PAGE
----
RESULTS

The study included 163 colloid cysts, more than half of which were discovered incidentally. More than half of the incidental cysts (58%) were followed with surveillance neuroimaging (mean follow-up 5.1 years). Five patients with incidental cysts (8.8%) progressed and underwent resection. No patient with an incidental, asymptomatic colloid cyst experienced acute obstructive hydrocephalus or sudden neurological deterioration in the absence of antecedent trauma. Nearly half (46.2%) of symptomatic patients presented with hydrocephalus. Eight patients (12.3%) presented acutely, and there were 2 deaths due to obstructive hydrocephalus and herniation. The authors identified several factors that were strongly correlated with the 2 outcome variables and defined third ventricle risk zones where colloid cysts can cause obstructive hydrocephalus. No patient with a lesion outside these risk zones presented with obstructive hydrocephalus. The CCRS had significant predictive capacity for symptomatic clinical status (area under the curve [AUC] 0.917) and obstructive hydrocephalus (AUC 0.845). A CCRS ≥ 4 was significantly associated with obstructive hydrocephalus (p < 0.0001, RR 19.4).

CONCLUSIONS

Patients with incidentally discovered colloid cysts can experience both lesion enlargement and symptom progression or less commonly, contraction and symptom regression. Incidental lesions rarely cause acute obstructive hydrocephalus or sudden neurological deterioration in the absence of antecedent trauma. Nearly one-half of patients with symptomatic colloid cysts present with obstructive hydrocephalus, which has an associated 3.1% risk of death. The CCRS is a simple 5-point clinical tool that can be used to identify symptomatic lesions and stratify the risk of obstructive hydrocephalus. External validation of the CCRS will be necessary before objective surgical indications can be established. Surgical intervention should be considered for all patients with CCRS ≥ 4, as they represent the high-risk subgroup.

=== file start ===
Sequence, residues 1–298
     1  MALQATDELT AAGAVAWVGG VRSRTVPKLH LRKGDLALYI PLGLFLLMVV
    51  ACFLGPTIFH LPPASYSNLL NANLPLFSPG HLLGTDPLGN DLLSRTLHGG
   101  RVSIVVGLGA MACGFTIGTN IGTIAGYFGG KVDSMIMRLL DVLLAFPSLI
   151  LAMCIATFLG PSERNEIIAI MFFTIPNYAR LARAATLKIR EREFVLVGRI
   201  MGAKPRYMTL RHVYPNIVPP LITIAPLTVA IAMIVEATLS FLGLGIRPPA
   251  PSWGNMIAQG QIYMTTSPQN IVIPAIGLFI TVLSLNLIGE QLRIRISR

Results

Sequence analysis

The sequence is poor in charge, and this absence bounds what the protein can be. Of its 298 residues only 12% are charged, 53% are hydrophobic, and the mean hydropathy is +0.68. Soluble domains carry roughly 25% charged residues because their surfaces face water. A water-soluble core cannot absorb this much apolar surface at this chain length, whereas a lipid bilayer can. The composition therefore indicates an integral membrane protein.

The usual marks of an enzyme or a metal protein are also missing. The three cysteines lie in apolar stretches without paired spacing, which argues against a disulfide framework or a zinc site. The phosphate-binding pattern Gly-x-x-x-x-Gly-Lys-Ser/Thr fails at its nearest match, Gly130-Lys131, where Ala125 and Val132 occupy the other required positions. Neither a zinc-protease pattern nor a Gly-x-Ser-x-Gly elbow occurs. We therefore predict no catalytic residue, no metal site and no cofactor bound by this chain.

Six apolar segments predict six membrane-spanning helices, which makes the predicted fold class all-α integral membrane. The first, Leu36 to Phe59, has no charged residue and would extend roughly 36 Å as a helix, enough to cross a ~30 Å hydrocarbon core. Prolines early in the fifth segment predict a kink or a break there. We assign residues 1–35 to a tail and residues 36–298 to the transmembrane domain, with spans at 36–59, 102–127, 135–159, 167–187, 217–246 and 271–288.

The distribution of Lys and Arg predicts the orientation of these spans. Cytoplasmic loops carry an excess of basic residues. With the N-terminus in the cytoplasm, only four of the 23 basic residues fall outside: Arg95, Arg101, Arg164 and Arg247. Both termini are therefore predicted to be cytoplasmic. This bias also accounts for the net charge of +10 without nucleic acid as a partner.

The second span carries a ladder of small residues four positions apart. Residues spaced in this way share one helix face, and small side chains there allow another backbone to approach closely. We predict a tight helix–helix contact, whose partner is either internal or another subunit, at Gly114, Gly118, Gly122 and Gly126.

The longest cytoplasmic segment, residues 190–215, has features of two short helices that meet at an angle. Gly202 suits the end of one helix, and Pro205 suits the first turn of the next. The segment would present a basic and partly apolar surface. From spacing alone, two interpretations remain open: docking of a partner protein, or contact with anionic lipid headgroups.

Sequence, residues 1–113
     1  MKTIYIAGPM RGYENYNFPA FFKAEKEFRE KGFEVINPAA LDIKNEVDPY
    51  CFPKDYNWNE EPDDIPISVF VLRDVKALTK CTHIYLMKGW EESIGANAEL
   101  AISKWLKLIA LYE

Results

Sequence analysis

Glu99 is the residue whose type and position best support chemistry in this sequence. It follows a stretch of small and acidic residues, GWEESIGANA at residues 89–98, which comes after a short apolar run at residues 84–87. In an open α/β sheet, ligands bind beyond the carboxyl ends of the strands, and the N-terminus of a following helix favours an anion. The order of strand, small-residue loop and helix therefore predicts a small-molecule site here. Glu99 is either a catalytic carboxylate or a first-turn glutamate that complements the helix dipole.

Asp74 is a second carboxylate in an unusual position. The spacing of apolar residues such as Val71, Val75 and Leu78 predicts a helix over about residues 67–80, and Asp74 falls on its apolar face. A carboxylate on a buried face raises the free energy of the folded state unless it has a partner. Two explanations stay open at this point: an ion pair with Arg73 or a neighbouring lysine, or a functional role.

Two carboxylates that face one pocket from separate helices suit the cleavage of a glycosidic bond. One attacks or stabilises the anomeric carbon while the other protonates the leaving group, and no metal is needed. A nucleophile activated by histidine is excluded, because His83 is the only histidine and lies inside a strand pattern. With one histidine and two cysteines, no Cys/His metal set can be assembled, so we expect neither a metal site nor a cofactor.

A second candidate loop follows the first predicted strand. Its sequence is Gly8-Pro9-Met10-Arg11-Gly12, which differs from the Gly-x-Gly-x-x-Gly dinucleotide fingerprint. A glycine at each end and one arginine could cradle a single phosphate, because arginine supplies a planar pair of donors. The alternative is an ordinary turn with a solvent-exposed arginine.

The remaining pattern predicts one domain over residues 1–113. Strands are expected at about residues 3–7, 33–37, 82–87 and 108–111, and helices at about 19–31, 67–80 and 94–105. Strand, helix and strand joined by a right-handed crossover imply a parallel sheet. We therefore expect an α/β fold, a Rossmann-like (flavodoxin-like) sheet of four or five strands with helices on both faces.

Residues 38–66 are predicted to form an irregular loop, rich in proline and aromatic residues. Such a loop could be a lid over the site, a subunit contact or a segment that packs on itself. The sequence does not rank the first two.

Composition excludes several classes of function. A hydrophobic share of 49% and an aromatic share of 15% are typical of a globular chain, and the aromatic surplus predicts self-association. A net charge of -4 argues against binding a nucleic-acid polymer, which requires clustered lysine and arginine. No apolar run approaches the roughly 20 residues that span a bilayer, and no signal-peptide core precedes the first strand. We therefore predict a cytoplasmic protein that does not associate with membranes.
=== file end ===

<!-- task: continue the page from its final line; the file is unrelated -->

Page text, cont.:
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Diane J. Aum, David H. Kim, Thomas L. Beaumont, Eric C. Leuthardt, Gavin P. Dunn and Albert H. Kim

There has been increasing awareness that glioblastoma, which may seem histopathologically similar across many tumors, actually represents a group of molecularly distinct tumors. Emerging evidence suggests that cells even within the same tumor exhibit wide-ranging molecular diversity. Parallel to the discoveries of molecular heterogeneity among tumors and their individual cells, intense investigation of the cellular biology of glioblastoma has revealed that not all cancer cells within a given tumor behave the same. The identification of a subpopulation of brain tumor cells termed “glioblastoma cancer stem cells” or “tumor-initiating cells” has implications for the management of glioblastoma. This focused review will therefore summarize emerging concepts on the molecular and cellular heterogeneity of glioblastoma and emphasize that we should begin to consider each individual glioblastoma to be an ensemble of molecularly distinct subclones that reflect a spectrum of dynamic cell states.